Since 2013, severe shoot blight and defoliation of Atlantic cedar has been reported from a range of locations in Britain. In late autumn 2013, when samples from affected trees were received by the Forest Research’s Tree Health Diagnostic and Advisory Service (THDAS), the fungus Sirococcus tsugae was identified as being consistently associated with these symptoms.
- Distribution and susceptible species
- How it spreads
- Report sightings
Until recently, the fungus responsible for dieback of cedar in Britain would have been regarded as belonging to the species Sirococcus conigenus (syn Sirococcus strobilinus) However, research published in 2008 revealed that S. conigenus consisted of a group of closely related species as follows:
S. conigenus sensu stricto occurring in Europe and North America with many conifer hosts throughout the northern hemisphere. It was first described on Norway spruce in Central Europe in 1890 and has subsequently been reported on a wide range of conifers, mainly in the genera Picea, Pinus, Larix and Cedrus. There have also been reports from Morocco and North Africa. This is a well-known pathogen in nurseries but can also occur in young plantations and mature stands.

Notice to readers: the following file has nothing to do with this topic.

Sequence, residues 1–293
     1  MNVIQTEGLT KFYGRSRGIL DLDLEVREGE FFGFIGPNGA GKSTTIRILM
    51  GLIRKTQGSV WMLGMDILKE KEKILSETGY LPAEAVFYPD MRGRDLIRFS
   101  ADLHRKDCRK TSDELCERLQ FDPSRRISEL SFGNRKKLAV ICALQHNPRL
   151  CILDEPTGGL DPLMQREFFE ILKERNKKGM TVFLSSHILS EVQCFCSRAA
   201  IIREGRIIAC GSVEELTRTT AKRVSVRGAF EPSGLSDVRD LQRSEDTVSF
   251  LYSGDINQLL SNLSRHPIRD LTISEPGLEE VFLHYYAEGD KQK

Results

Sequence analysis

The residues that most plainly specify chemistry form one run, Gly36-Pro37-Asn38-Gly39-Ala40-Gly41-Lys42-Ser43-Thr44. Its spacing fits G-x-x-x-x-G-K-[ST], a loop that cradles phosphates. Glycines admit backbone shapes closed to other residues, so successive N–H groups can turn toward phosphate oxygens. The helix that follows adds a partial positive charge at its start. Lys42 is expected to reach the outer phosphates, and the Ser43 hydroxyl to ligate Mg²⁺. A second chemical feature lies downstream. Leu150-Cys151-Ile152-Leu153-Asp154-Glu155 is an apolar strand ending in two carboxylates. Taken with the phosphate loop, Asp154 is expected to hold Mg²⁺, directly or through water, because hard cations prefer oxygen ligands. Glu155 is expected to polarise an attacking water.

S. tsugae hitherto only recorded in western North America where it occurs on two species of Tsuga and species of Cedrus. Sirococcus shoot blight of western hemlock was originally described from British Columbia and Alaska, with specimens now known to belong to S. tsugae having been collected on Tsuga as early as 1966.
S. piceicola, known to occur on P. abies, P. glauca and P. sitchensis and reported from three widely distributed geographic areas: eastern Canada, western Canada and Switzerland.
Sirococcus tsugae has been confirmed from the Pacific Northwest as well as the Northeastern and Southeastern United States on both cedars (Cedrus Atlantica (Atlas cedar) and C. deodara) and hemlocks (Tsuga heterophylla and T. mertensiana). Recently, it has also been detected on Eastern hemlock (T. canadensis) in Georgia, USA. It is reported that S. tsugae appears to be less aggressive on T. canadensis than on T. heterophylla.
In 2014, the pathogen was reported from Germany where it was found on C. atlantica (EPPO Reporting Service 2015 no.4).